Some of my co-bloggers are big fans of the slippery slope. I’m a skeptic. I’m not suggesting that it is not possible to, in a descriptive way, construct some sort of progression between events that makes some sense. (I have separate doubts about descriptive use of slippery-slope arguments, particularly with the problem of cherry-picking). But my biggest concern with slippery slope arguments are when they are employed normatively: “We shouldn’t do X, because that might lead to Y, and then Z.” Or the ever-popular framing: “Wow, so-and-so suggests we do X. What’s next, Y?” And thus are proponents of some position X called to task for positions Y and Z, which they have never advocated. Meanwhile, self-appointed “pre-cogs” roam the political landscape, charging their opponents with all manner of future offenses. And of course, such charges are as inherently subjective and unprovable as any of the pre-crime charges in Philip K. Dick’s famous story, The Minority Report. This doesn’t strike me as an intellectually honest endeavor. Thus my opposition to the use of normative slippery slope arguments.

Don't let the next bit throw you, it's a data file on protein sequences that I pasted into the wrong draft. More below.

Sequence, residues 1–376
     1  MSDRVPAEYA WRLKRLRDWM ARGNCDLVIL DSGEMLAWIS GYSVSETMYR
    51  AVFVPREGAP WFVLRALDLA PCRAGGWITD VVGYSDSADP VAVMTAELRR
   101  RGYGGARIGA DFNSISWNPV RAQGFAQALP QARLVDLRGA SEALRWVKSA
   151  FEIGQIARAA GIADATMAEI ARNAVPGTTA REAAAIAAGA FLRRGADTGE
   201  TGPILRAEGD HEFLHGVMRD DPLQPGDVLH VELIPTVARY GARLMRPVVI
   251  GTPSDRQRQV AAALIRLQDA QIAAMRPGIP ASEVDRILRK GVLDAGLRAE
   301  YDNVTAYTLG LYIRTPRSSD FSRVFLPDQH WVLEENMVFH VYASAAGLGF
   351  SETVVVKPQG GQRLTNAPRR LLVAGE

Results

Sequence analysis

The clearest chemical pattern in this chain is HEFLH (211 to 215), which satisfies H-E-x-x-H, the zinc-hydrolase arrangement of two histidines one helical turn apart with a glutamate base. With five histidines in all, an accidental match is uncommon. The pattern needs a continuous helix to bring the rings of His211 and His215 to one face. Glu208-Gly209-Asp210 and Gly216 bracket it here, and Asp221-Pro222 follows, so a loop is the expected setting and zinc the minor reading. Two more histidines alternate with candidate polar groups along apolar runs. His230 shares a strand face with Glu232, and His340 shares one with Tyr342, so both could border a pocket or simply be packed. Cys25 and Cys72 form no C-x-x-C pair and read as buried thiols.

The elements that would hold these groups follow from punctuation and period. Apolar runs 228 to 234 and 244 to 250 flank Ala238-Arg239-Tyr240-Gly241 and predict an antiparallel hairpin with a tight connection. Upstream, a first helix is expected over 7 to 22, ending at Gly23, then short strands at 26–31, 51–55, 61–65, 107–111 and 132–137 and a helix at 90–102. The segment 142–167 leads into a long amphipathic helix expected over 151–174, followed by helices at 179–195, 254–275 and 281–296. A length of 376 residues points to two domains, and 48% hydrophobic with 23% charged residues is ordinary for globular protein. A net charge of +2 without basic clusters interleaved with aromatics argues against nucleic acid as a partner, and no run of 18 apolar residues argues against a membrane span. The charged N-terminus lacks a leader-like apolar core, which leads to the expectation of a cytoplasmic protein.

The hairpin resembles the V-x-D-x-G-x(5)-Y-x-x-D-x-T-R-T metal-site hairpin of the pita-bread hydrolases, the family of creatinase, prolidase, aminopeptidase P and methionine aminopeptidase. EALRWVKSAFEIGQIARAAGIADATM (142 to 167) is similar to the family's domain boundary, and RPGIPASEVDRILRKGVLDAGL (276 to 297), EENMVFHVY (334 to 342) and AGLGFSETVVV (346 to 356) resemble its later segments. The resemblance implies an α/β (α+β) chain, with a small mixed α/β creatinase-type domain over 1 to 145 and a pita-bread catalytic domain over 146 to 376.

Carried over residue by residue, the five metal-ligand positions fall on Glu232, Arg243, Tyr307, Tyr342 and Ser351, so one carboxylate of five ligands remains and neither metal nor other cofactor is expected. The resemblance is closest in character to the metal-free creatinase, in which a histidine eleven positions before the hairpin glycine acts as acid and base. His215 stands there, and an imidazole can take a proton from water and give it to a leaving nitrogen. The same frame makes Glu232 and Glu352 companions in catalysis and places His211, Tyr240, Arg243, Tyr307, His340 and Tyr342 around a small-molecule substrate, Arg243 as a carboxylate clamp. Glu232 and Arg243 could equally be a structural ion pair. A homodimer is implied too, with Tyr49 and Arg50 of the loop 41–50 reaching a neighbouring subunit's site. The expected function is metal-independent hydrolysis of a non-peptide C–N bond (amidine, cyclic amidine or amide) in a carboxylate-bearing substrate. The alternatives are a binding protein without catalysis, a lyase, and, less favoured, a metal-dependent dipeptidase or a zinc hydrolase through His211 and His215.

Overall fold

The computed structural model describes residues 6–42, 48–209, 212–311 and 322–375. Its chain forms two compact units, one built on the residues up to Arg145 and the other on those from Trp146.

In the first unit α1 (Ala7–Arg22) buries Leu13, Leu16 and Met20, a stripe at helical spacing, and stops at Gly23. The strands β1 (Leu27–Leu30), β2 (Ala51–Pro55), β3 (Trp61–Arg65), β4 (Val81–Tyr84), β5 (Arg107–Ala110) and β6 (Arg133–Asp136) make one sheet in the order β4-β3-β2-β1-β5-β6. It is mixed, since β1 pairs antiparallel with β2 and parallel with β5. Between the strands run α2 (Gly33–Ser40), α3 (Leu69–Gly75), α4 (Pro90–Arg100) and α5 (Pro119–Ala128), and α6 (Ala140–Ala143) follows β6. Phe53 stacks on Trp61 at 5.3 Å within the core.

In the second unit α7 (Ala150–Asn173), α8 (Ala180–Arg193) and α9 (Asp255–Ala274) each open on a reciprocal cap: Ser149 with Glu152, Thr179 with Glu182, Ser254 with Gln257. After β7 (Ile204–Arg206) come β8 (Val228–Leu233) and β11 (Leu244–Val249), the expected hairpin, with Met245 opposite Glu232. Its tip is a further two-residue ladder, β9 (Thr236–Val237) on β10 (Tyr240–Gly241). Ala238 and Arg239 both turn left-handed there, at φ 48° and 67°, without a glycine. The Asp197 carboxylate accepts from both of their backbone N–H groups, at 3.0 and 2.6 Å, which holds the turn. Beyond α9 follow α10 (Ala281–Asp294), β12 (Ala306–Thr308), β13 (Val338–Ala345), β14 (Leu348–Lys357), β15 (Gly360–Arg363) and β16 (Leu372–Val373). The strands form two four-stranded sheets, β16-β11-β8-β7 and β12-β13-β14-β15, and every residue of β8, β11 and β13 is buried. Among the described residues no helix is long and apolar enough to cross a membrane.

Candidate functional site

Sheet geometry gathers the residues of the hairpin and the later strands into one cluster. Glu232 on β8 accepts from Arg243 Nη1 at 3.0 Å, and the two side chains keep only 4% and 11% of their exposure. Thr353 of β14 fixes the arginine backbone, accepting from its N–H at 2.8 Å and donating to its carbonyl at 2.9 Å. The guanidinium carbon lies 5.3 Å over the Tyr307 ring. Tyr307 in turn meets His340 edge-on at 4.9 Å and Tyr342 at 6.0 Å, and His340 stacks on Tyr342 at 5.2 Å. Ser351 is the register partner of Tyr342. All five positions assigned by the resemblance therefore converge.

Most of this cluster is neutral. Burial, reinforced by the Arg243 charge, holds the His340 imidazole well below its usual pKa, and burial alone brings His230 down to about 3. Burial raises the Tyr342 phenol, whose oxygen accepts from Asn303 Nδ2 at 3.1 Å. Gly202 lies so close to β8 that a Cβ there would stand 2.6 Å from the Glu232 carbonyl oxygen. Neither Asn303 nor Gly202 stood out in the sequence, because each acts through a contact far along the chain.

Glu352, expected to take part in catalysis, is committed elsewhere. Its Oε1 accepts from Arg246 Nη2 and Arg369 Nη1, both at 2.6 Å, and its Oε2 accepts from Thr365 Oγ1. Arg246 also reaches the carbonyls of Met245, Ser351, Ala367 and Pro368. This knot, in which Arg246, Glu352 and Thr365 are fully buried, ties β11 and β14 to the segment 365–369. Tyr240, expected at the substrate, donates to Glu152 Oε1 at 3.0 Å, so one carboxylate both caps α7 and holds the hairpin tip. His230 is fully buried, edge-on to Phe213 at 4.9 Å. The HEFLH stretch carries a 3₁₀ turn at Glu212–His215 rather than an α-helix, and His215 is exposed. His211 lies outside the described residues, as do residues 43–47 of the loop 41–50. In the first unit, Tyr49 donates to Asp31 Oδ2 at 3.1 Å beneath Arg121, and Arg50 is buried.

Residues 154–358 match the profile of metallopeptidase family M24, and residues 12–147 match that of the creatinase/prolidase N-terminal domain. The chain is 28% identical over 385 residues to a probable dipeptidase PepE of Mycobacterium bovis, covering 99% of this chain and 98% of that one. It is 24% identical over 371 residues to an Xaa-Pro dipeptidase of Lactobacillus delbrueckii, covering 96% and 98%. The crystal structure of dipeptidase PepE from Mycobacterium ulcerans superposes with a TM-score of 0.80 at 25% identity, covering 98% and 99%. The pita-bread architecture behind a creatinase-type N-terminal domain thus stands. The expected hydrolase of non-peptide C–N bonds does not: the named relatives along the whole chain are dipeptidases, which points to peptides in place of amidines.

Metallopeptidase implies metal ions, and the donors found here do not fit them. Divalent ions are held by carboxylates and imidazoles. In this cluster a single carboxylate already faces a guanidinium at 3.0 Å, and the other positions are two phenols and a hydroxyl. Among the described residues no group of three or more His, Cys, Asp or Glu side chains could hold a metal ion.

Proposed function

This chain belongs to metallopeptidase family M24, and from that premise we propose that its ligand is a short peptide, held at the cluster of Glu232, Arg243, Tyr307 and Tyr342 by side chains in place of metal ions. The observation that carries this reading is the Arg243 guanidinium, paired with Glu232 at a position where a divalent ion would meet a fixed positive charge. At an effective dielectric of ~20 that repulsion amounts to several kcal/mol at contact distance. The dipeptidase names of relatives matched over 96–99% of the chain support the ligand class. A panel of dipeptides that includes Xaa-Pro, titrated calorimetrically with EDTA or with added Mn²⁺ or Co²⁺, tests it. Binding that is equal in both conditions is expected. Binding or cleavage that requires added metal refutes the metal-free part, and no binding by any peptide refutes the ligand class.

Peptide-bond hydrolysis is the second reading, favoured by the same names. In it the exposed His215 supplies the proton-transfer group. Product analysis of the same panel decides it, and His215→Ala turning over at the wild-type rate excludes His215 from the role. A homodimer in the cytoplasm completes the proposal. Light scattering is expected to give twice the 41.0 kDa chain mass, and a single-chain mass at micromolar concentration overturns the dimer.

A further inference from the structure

And if that doesn’t convince you, remember that use of slippery slope arguments will lead you directly to a life of public intoxication, claim-jumping, dereliction of duty, and champerty.